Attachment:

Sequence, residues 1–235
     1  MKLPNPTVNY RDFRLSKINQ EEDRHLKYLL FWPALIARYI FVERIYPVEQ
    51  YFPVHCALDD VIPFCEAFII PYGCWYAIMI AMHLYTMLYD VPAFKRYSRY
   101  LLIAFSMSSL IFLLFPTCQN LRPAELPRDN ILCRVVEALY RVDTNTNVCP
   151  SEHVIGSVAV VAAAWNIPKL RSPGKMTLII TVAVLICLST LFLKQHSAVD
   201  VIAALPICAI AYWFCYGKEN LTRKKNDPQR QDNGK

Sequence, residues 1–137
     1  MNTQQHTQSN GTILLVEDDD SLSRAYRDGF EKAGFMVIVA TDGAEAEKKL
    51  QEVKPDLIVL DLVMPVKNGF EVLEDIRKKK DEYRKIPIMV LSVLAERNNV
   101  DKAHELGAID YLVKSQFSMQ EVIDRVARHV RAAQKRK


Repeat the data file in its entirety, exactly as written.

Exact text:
Sequence, residues 1–235
     1  MKLPNPTVNY RDFRLSKINQ EEDRHLKYLL FWPALIARYI FVERIYPVEQ
    51  YFPVHCALDD VIPFCEAFII PYGCWYAIMI AMHLYTMLYD VPAFKRYSRY
   101  LLIAFSMSSL IFLLFPTCQN LRPAELPRDN ILCRVVEALY RVDTNTNVCP
   151  SEHVIGSVAV VAAAWNIPKL RSPGKMTLII TVAVLICLST LFLKQHSAVD
   201  VIAALPICAI AYWFCYGKEN LTRKKNDPQR QDNGK

Sequence, residues 1–137
     1  MNTQQHTQSN GTILLVEDDD SLSRAYRDGF EKAGFMVIVA TDGAEAEKKL
    51  QEVKPDLIVL DLVMPVKNGF EVLEDIRKKK DEYRKIPIMV LSVLAERNNV
   101  DKAHELGAID YLVKSQFSMQ EVIDRVARHV RAAQKRK